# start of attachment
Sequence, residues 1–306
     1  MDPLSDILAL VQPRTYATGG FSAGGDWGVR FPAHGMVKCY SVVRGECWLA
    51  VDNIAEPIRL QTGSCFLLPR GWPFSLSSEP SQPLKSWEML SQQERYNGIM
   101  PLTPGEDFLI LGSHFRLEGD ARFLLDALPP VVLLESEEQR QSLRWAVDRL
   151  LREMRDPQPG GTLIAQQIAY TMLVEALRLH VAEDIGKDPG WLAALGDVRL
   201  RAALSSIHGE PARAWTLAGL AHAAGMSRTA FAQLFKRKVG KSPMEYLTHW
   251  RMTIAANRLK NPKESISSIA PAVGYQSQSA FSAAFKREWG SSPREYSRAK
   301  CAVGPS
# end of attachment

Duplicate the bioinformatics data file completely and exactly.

Sequence, residues 1–306
     1  MDPLSDILAL VQPRTYATGG FSAGGDWGVR FPAHGMVKCY SVVRGECWLA
    51  VDNIAEPIRL QTGSCFLLPR GWPFSLSSEP SQPLKSWEML SQQERYNGIM
   101  PLTPGEDFLI LGSHFRLEGD ARFLLDALPP VVLLESEEQR QSLRWAVDRL
   151  LREMRDPQPG GTLIAQQIAY TMLVEALRLH VAEDIGKDPG WLAALGDVRL
   201  RAALSSIHGE PARAWTLAGL AHAAGMSRTA FAQLFKRKVG KSPMEYLTHW
   251  RMTIAANRLK NPKESISSIA PAVGYQSQSA FSAAFKREWG SSPREYSRAK
   301  CAVGPS